Hello, my dear colleagues! Alice here with a new guest post about a topic I am personally passionate about! The article is interesting and gives a fresh perspective you might need if you want to start collaborating with parents more but don’t know where to start.
The article is edited minimally to allow the author to keep their writing voice.
Without further ado, let’s see what Vivek has to say about assisting parents who want to teach their children at home after your classes.
The Lost Art of Teaching Parents How to Teach Children
Whenever we say “education”, the first word that comes into mind is “teacher.” A good teacher can make a student passionate about education. A second and equally important educator for a child is his/her parents.
Two educators influence the future of a child, one who is highly trained and qualified and is backed with years of experience teaching students, and the second one who has an equal impact but with no training or ideas on structured teaching methods. The parent is, unfortunately, the second type in most cases.
Teaching or guiding a parent on how to teach their child is one of the taboo topics in today’s world. Every parent believes, and rightly so, that they know how best to teach their child. While their hearts may be in the right place, sometimes a little guidance goes a long way.
An interesting correlation among parents who are teachers
I am a secondary school teacher and have noticed one correlation among children of most teachers: they tend to be very smart and have a high drive towards education. One might say that it is because they emulate their parents, but I assure you it is not the case. It is simply because teachers know how to make a child interested in studying.
In one of my recent parent-teacher meetings, I gave a small thirty-minute lecture on how to get a child interested in a subject. You can read about them below.
Be the student you wish to teach
- Learn using your child’s books daily and ensure you are proficient. Your child must know that they can rely on any subject they struggle with. They must reach out to you to ask questions since they know you are knowledgeable.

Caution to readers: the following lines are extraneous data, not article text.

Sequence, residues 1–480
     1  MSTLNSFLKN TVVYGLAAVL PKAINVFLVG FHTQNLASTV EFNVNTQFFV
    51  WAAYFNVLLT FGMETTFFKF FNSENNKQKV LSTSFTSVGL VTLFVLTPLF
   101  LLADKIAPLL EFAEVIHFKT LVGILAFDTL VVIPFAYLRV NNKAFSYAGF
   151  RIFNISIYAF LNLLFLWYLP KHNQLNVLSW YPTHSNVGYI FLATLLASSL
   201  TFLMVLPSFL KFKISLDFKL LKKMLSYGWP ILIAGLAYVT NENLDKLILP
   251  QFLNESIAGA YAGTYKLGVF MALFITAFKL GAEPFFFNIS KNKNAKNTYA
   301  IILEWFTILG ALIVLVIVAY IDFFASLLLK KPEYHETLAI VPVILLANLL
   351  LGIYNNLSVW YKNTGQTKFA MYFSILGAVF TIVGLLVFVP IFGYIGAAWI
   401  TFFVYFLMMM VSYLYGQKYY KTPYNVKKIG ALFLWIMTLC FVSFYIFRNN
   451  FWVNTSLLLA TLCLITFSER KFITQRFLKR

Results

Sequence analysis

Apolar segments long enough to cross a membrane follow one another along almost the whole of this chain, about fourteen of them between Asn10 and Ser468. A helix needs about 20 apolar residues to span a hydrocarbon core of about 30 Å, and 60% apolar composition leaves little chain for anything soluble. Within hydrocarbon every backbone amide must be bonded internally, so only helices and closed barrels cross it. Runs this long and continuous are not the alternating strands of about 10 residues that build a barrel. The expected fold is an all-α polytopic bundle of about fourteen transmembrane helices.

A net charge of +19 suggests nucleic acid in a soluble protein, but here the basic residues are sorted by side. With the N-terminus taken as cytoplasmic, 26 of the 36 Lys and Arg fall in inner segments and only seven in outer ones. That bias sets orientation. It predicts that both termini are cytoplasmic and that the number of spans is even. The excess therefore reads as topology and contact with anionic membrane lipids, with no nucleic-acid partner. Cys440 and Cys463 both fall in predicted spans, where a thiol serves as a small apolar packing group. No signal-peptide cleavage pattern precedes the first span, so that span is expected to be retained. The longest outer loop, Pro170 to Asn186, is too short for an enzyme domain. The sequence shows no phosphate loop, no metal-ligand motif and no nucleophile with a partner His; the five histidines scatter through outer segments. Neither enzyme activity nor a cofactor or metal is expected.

- The moment you gain your child’s trust as a knowledgeable person, you become a second teacher in their eyes.
- A counterargument that parents make is that the child must show interest in studies on their own. While that is a fair argument, it is true only for a fair few students who are academically inclined by themselves. For most students, we must be their guide and study partner on a daily basis.
Learning without fun is boring
Memorizing random facts from books can be tedious, so make learning as much fun as possible.
A few suggestions: Make a small board game with your kid. Perhaps a small quiz show with actual prizes, sound effects, and cheering.
What about learning languages?
- Learning foreign languages (such as French) can be a tough and unnatural process for any child, especially if you don’t speak the language at home.
- To make the process natural, read comics or short stories in French. You can use Dulingo, or Childhood Stories, which are free websites having tons of short stories. Since they are cute stories, the child will be interested and acquire associated knowledge.
- Make it a point to search YouTube or Instagram, and you’ll find a wealth of ideas.
More the merrier
- I make it a point to encourage group study sessions. This makes it learning more fun.
- Another big advantage is that the child builds essential social skills.
Bring the school to you
- Know what your child learns in school every day.
- Keep small snippet tests on a daily basis on what they learned in school. Make it a habit, along with rewards such as a dollar or two. To mix things up and make it fun, ask one of those questions about movies or cartoons.
All in all, the five tips mentioned above will make learning a fun activity, exciting and rewarding. This will also encourage the child to learn on their own and ensure that they gain maximum out of the education system. Happy teaching and happy learning!!
What do you think about assisting parents when it comes to teaching their own children at home? Have you ever tried to develop these kind of relationships with your parents? Let us know in the comments!
Vivek Hariharan is a secondary school English teacher from Tamil Nadu, India. He has 19 years of teaching experience and also conducts evening tuition classes for English, Hindi, Tamil, and Sanskrit (regional Indian languages). He owns and runs a free language learning blog called www.childhood-stories.com, which has dual language short stories in multiple languages.
His passion is to start an NGO where he can provide food to a village near his hometown.
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